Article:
Concrete hydration and temperature fundamentals

When cement, water, aggregate, and additives are mixed together, a significant heat increase occurs. This is due to the exothermic process in the reaction between cement and water (called hydration).

Measuring the concrete temperature over time enables you to know how far the concrete is in the hydration process  (Concrete Maturity) and thereby also an estimated concrete strength. The hydration process is divided into five phases:

Concrete Pouring


1. Phase: Initial mixing reaction
2. Phase: Dormancy
3. Phase: Strength acceleration
4. Phase: Speed reduction
5. Phase: Steady development

Concrete Maturity Temperature Clockhours curve


Initial Mixing Reaction

Initial after mixing the cement and water comes into contact with each other, a peak in temperature happens. The aluminate (C3A) reacts with H2O (Calcium and sulfate ions) to form ettringite (aluminate hydrate). The release of the energy from these reactions causes the initial peak.



A result of the reaction described in phase 1 is a surface coating of the cement particles. This coating keeps increases, but also slows down the reaction (hydration) as the access to H2O isn’t as good as when the concrete was mixed. The amount of hydrated concrete keeps increasing on a steady level while the surface of the concrete keeps fluid.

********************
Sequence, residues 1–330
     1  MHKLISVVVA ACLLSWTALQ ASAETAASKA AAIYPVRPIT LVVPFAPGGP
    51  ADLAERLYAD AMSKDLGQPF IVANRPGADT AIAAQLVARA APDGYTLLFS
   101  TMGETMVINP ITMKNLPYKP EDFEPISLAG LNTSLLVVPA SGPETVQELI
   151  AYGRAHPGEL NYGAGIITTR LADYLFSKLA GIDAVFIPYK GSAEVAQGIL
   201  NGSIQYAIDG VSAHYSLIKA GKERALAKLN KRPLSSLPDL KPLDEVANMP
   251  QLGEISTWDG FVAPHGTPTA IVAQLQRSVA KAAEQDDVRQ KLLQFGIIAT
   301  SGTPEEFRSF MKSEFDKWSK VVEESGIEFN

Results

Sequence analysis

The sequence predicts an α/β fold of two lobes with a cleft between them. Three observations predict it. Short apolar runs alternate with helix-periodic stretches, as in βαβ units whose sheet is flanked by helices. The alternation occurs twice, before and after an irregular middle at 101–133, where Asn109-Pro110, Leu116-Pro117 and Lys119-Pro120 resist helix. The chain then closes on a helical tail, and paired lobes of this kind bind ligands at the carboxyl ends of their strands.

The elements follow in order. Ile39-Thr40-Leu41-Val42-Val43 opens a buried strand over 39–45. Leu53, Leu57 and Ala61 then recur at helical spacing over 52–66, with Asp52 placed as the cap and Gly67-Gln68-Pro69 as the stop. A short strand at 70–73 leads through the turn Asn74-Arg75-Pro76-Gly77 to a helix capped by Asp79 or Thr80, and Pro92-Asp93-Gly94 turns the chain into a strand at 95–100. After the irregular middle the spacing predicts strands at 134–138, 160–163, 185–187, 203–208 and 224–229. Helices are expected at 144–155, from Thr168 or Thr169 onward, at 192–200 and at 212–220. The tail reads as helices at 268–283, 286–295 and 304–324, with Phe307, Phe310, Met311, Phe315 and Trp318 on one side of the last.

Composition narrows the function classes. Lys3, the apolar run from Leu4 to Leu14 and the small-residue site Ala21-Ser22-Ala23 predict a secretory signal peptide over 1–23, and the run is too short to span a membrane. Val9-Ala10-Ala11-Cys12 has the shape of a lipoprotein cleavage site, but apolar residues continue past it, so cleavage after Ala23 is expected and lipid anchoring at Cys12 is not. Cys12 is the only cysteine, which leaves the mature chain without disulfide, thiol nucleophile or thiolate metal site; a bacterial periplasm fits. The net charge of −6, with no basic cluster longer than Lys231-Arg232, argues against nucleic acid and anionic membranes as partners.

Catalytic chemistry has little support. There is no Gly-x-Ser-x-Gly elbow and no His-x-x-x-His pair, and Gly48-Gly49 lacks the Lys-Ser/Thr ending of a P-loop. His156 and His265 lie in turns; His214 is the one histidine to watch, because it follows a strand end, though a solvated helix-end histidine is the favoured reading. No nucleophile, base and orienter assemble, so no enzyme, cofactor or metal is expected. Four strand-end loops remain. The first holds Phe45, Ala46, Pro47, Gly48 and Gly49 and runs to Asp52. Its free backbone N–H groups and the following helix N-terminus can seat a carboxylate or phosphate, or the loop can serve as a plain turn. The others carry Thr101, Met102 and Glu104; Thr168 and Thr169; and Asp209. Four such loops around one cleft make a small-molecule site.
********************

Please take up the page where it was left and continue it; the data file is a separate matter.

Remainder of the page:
This is why this phase is used for transporting and pouring the concrete, as the concrete stays on a fluid level. The length of this period depends on each individual concrete mix and can, therefore, be optimized depending on the application like winter concreting, length of transport, etc.

This phase ends with an initial set of the concrete.


Strength Acceleration

A heat increase happens due to the reaction between calcium silicate (C3S and C2S) which creates the silicate hydrate CSH (heat increase also caused by other minor reactions). The creation of CSH also has a major impact on the concrete strength during this phase.

In the case of for example mass concrete application, it can be very important to monitor the internal temperature variances, as the concrete temperature during this phase can increase rapidly to reach internal temperatures like 70-80C (in some cases even higher). It is normally not recommended to exceed temperatures at around 70C.


Speed reduction

A maximum temperature has now been reached and the availability of free particles is now reduced and therefore slows down the temperature increase.

This phase often ends with the desired strength and the formwork around the concrete can now be removed. Monitoring of concrete maturity and temperature and therefore enable the user with the exact time where this is possible


Steady Development / Post Formwork

The hydration process is now slowed down and will continue slowly to finish the remaining available cement and water particles. The formwork is now often removed and the concrete will now over time (can take a long time) finish the hydration process and reach final strengths (can take weeks or months).

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